I have recently been reading Thomas Turino's book Music in Social Life - which is much to be recommended as a pretty much optimal balance between intelligence and accessibility, by the way. You can tell he is both an experienced researcher and has spent lots of time framing concepts so as to make sense to non-specialist undergraduates.
One of the things I have been finding quite striking about it is the way he uses Peircean semiotics. I'm aware, by the way, that this post is going to get rather niche for a few paragraphs, but it might open out again into more generalist territory towards the end. We'll see.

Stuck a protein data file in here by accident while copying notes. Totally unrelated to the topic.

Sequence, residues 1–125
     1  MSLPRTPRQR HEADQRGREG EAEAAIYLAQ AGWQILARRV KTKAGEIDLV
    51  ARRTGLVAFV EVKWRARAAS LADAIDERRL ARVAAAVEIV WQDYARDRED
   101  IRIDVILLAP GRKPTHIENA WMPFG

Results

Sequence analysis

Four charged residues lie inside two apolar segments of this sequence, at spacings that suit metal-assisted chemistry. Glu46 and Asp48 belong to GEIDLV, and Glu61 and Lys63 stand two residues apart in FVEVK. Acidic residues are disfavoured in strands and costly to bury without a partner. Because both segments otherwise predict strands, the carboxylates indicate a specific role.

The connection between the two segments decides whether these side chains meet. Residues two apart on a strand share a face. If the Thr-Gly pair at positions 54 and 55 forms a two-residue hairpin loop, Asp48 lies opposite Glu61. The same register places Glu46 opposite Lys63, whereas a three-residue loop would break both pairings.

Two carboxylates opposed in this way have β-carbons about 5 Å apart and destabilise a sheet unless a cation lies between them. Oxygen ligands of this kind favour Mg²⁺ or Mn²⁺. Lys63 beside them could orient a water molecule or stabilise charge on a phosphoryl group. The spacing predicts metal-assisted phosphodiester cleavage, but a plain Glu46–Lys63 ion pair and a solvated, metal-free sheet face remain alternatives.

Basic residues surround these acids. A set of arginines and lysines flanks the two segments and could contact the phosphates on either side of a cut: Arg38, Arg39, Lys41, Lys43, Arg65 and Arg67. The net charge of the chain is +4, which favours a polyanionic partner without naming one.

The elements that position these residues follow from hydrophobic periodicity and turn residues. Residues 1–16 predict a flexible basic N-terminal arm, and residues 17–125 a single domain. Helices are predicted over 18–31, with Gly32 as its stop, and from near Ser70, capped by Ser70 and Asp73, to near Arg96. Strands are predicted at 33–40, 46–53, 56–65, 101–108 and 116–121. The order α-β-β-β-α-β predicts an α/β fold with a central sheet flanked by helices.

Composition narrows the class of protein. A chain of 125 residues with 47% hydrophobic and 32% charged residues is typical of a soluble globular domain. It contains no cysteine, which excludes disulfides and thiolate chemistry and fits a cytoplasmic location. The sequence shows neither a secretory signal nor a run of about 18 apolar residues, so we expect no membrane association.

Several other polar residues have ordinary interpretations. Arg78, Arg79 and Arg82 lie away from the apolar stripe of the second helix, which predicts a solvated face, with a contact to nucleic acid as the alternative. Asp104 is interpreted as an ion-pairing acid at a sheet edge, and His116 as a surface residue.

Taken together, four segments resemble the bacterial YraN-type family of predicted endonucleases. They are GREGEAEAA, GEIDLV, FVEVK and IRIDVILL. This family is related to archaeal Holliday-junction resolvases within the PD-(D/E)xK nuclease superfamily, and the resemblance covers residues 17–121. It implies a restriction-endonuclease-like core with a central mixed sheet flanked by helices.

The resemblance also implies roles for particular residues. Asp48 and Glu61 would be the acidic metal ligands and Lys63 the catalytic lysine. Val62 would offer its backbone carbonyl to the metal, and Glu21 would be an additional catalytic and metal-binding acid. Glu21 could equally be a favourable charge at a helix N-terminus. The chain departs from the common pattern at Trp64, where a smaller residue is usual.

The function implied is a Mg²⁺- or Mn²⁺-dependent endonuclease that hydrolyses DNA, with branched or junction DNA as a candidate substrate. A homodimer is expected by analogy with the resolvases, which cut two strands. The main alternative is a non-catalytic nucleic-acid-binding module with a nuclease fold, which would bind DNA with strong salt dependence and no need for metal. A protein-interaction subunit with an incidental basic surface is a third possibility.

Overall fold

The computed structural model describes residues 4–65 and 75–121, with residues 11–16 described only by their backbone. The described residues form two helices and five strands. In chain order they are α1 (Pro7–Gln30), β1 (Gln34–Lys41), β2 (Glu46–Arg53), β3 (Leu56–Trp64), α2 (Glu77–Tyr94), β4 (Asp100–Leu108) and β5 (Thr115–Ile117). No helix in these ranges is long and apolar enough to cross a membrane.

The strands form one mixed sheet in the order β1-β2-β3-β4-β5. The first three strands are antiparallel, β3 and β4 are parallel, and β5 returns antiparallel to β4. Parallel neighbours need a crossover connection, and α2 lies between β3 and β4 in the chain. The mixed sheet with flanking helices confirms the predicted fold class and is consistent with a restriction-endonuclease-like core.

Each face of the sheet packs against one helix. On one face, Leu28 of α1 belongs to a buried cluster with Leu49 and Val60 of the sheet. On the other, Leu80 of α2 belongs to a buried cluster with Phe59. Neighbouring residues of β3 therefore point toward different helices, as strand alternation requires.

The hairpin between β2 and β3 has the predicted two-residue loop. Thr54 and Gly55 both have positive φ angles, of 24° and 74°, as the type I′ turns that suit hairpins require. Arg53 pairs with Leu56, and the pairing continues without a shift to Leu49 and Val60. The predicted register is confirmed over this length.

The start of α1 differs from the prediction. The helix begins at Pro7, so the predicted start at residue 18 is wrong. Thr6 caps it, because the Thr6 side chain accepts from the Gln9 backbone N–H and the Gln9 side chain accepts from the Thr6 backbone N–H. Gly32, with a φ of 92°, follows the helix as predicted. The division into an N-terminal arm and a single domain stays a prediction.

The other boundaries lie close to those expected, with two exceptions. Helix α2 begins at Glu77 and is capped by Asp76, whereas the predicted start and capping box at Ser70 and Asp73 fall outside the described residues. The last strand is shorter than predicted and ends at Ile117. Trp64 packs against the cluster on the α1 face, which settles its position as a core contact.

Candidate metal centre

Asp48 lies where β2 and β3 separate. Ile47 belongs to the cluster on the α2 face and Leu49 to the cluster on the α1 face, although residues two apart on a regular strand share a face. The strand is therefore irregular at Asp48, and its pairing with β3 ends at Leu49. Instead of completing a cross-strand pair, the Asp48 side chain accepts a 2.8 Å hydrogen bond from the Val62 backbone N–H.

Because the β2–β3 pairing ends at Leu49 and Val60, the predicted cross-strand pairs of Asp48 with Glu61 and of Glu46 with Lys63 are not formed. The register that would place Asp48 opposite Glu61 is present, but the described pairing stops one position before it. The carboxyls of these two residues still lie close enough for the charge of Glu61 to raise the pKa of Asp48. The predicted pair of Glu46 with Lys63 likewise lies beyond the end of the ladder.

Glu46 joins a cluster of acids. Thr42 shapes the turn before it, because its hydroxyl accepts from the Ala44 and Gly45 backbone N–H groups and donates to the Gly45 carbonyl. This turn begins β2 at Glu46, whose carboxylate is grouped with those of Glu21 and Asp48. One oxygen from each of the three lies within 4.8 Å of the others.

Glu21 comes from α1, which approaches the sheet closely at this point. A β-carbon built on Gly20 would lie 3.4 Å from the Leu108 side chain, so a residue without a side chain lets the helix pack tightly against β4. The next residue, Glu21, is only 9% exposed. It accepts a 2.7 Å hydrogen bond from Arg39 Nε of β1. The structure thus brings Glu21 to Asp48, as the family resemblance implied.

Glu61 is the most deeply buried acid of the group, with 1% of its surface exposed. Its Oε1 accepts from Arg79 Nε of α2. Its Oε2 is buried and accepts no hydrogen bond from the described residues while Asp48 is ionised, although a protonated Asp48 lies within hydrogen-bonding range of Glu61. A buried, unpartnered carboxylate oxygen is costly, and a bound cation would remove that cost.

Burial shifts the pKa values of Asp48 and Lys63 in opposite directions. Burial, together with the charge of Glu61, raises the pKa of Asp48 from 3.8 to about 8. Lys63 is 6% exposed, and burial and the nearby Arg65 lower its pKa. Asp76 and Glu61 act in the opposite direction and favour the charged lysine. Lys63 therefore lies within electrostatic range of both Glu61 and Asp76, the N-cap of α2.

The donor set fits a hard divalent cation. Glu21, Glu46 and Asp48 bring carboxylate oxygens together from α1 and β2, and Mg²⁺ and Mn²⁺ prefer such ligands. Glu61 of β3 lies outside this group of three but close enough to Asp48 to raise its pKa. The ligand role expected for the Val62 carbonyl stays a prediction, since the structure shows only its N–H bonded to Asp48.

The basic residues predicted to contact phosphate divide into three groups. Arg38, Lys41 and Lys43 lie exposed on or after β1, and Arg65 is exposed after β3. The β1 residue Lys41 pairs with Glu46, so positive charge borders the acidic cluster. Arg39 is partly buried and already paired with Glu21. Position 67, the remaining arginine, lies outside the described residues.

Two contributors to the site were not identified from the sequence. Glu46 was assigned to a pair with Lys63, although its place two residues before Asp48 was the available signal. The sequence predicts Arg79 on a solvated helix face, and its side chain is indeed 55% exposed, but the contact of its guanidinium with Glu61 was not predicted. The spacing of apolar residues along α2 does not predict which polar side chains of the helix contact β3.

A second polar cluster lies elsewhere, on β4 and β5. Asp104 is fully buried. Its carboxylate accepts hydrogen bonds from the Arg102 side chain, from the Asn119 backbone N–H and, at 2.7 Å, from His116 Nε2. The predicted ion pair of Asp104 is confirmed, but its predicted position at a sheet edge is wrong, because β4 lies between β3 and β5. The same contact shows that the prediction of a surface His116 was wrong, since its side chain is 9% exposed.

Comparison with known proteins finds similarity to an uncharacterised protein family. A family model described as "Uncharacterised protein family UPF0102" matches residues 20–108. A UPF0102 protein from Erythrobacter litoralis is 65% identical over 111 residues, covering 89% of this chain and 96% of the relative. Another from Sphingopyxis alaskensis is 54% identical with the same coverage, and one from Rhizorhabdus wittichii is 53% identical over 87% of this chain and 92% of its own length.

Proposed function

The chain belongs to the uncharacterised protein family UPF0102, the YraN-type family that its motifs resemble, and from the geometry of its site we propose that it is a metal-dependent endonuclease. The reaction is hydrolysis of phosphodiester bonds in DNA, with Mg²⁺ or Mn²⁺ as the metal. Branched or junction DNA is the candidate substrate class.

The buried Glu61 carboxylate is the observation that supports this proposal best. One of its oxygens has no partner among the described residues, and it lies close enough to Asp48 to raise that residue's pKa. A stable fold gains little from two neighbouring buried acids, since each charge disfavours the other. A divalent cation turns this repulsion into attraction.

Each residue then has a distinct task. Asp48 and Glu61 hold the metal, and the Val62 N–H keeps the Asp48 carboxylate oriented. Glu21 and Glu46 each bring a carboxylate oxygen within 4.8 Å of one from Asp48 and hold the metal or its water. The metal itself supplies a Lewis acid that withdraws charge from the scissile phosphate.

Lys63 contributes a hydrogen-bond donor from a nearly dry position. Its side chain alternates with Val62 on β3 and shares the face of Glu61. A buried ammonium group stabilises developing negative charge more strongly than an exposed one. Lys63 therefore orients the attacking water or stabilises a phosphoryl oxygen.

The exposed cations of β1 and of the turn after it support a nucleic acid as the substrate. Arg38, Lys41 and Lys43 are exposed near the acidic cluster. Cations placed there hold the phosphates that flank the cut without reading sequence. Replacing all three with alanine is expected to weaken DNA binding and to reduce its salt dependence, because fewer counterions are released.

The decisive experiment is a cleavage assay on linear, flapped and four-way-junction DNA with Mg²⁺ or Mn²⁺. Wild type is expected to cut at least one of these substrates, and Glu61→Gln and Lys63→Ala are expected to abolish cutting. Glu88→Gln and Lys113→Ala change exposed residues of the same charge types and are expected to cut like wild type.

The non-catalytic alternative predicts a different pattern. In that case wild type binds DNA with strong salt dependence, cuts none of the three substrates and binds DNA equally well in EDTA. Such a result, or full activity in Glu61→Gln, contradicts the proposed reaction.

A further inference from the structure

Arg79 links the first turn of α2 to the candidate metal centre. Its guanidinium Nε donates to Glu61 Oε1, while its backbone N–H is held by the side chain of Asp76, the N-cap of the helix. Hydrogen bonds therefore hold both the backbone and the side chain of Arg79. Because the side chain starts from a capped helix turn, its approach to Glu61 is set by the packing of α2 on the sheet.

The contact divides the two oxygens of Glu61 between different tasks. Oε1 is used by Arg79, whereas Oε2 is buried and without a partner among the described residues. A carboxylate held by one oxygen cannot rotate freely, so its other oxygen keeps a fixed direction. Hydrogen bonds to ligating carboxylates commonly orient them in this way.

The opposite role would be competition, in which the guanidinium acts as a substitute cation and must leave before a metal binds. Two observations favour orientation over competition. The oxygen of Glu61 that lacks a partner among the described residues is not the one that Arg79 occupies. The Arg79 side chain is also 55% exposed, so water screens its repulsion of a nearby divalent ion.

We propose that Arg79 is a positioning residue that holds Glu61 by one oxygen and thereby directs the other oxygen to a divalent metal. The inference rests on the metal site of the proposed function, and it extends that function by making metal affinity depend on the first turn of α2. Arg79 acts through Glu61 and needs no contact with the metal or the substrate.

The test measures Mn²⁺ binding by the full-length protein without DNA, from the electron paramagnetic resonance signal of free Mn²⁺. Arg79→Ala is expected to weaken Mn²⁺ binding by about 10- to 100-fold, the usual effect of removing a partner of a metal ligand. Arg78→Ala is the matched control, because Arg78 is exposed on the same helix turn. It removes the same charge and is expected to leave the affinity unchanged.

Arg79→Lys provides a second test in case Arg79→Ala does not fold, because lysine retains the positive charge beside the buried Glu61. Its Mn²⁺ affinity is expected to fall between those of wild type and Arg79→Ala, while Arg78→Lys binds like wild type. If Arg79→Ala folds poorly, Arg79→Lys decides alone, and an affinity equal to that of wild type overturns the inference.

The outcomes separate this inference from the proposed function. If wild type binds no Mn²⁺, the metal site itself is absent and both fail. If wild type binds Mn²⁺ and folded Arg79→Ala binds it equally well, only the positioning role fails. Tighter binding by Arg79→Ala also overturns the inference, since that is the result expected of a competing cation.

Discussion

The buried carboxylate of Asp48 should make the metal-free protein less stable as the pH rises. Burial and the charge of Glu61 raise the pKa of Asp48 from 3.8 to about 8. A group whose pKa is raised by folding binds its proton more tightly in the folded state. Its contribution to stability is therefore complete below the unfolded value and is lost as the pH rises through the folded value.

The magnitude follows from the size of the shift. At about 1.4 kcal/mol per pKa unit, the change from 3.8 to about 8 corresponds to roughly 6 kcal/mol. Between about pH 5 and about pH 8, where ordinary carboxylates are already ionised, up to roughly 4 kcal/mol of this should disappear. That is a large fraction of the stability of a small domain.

I usually describe my own musicological interests in terms of being about 'music and its social meanings', which encompasses both my PhD on music and gender in historical repertories and my increasingly ethnomusicological trajectory through my two books. But right at the start of this interest lies an undergraduate dissertation on music and semiotics, that in many ways underpins everything I've done since, but which rarely shows its theoretical colours directly in what I write.